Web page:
Social Security Column
DECEMBER 2015
By Bob Trotter
Social Security Public Affairs Specialist in Milwaukee, WI


GET YOUR RETIREMENT SOARING

Wright Brothers Day, observed on December 17, marks the day in 1903 that two adventurous brothers in Kitty Hawk, North
Carolina took to the air for the first time. It was a modern miracle at the time and a catalyst for the age of intercontinental travel.
Over a hundred years later, it’s commonplace for people to fly across the country. Most of us don’t consider all the preparation
and patience it took to achieve this modern feat of flight.

Luckily, planning your financial future isn’t as daunting as pioneering modern aviation. Social Security has secure and easy-to-
use online resources that can ensure your retirement soars above the clouds. The sooner your start planning for retirement,
the better prepared you’ll be. Just like building a reliable airplane, you’ll need finely tuned parts that will work together for you to
take flight.

Think of your retirement strategy as a flight plan that propels you higher. We have many resources at www.socialsecurity.
gov/planners/retire that help you find the age at which you may first become entitled to unreduced retirement benefits, estimate
your life expectancy, and calculate your estimated benefits. These tools explain how much money you will need and for how
long — something you can adjust through personal savings, pensions, and other benefits.

You can also get personalized benefit estimates using the Retirement Estimator at
www.socialsecurity.gov/estimator. The
Estimator shows different scenarios, like how future wage changes or alternate retirement dates will affect your future benefits.
Benefit amounts may differ from the estimates provided because:
•        Your earnings may increase or decrease in the future.
•        After you start receiving benefits, they may be adjusted for cost-of-living increases.
•        Your estimated benefits are based on current law. The law governing benefit amounts may change because, by 2034, the
payroll taxes collected under current law will be enough to pay only about 79 cents for each dollar of scheduled benefits.
•        Your benefit amount may be affected by military service, railroad employment or pensions earned through work on which
you did not pay Social Security tax.


As you can see, your flight plan to retirement may change over your lifetime. It’s important you understand that no matter where
life takes you, the long journey to retirement is one of your most important trips. With every right decision, you’re making your
retirement flight plan a success that will carry you through the heights of your golden years.

It’s never too early to start planning. Whether you are nearly ready to retire or if you’re just getting off the ground in your career, I
recommend you create your own my Social Security account so you can also learn about all the future benefits available to you.
Visit
www.socialsecurity.gov/myaccount to create your account.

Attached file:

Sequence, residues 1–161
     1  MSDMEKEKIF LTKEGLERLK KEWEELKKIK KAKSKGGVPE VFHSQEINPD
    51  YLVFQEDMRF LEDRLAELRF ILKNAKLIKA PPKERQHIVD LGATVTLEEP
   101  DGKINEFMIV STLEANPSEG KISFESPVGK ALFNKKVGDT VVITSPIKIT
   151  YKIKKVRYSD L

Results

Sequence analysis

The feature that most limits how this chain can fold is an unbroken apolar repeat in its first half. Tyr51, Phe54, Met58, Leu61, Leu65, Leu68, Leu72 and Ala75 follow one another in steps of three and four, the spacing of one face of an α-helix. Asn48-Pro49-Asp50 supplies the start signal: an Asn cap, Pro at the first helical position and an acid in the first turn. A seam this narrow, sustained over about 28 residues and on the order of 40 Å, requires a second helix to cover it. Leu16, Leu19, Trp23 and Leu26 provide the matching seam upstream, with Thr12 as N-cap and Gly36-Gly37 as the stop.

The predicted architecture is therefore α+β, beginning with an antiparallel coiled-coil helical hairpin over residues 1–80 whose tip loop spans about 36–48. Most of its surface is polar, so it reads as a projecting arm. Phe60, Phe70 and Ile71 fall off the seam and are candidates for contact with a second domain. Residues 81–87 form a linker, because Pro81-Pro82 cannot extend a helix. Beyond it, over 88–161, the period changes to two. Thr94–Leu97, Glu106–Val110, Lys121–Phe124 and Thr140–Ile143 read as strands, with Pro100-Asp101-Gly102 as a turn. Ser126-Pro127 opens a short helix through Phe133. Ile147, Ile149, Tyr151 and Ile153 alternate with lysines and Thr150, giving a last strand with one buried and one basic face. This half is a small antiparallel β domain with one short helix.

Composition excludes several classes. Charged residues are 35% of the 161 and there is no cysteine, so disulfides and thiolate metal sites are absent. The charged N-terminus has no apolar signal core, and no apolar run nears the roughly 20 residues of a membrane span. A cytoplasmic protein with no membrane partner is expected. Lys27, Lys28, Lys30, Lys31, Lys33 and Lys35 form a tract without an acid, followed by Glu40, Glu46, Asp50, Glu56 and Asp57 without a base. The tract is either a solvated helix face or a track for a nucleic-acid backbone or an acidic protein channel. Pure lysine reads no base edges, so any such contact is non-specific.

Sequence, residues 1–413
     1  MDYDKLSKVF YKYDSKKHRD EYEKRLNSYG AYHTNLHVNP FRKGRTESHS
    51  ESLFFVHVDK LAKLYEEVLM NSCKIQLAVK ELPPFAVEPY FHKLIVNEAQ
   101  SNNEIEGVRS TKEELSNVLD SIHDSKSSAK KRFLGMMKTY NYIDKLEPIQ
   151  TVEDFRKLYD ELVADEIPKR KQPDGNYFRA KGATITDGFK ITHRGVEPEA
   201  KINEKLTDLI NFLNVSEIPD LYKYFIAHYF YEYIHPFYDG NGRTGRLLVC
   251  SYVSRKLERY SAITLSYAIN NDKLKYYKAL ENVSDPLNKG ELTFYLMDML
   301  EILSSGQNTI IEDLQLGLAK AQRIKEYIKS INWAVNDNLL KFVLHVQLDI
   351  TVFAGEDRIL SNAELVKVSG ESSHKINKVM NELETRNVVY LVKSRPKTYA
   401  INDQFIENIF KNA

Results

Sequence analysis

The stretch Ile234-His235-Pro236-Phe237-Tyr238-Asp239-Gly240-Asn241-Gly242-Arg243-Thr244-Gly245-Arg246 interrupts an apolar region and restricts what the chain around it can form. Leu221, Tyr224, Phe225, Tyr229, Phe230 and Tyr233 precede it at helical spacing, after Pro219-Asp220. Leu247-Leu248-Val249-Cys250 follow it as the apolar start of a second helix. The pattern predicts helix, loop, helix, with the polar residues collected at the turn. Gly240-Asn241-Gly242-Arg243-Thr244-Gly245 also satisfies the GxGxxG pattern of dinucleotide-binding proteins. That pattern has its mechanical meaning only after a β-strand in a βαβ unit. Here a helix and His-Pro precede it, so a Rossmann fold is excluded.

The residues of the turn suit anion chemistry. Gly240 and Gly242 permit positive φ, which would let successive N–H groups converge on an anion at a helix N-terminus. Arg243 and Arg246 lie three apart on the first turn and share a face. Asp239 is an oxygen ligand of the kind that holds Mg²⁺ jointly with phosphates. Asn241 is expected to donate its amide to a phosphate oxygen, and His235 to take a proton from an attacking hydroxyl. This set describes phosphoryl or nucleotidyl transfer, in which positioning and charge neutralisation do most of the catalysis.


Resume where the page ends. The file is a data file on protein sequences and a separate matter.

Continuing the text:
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BE PREPARED WHEN DISASTER STRIKES  

For many of us, preparing for winter involves pulling out heavy coats from the closet and making sure our vehicle is ready for
intense weather. Whether your winter brings snow, ice, or flooding, you need to be prepared.

Preparing for a possible physical or mental disability is the same. Many people don’t think of disability as something that could
happen to them. Statistics show the chances of becoming disabled are greater than most realize. Fifty-six million Americans,
or 1-in-5, live with a disability. Thirty-eight million Americans, or 1-in-10, live with a severe disability. A sobering fact for 20 year-
olds is that more than a quarter of them will become disabled before reaching retirement age. Disability can happen to anyone.
But who is prepared?

When disability does happen, Social Security can help people meet their basic needs. Our disability programs provide financial
and medical benefits for those who qualify to pay for doctors’ visits, medicines, and treatments. You can learn more about how
you might be covered if you are disabled at
www.socialsecurity.gov/planners/disability.

Social Security pays benefits to people who worked and paid Social Security taxes, but who can no longer work and whose
medical condition meets the strict definition of disability under the Social Security Act. A person is considered disabled under
this definition if he or she cannot work due to a severe medical condition that has lasted or is expected to last at least one year
or result in death.

The person's medical condition must prevent him or her from doing work that he or she did in the past, and it must prevent the
person from adjusting to other work based on their age, education, and experience.

Supplemental Security Income (SSI), our other disability program, is a needs-based program for people with limited income
and resources.

You can find all the information you need about eligibility and benefits available to you by reading our publication, Disability
Benefits, available at
www.socialsecurity.gov/pubs.

While extreme winter weather may not affect all of us, the risk of being disabled and needing help isn’t based on geography.
Chances are you know someone who is disabled or perhaps you live with a disability. If you wish to help a friend or family
member — or need to plan for disability yourself — visit
www.socialsecurity.gov/disability.

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GATHER THE FAMILY AROUND MY SOCIAL SECURITY

Each holiday gathering is special. Families and friends get together to see how big the kids have gotten, catch up on family
news from the summer and new school year, and remind each other to be grateful for what we have.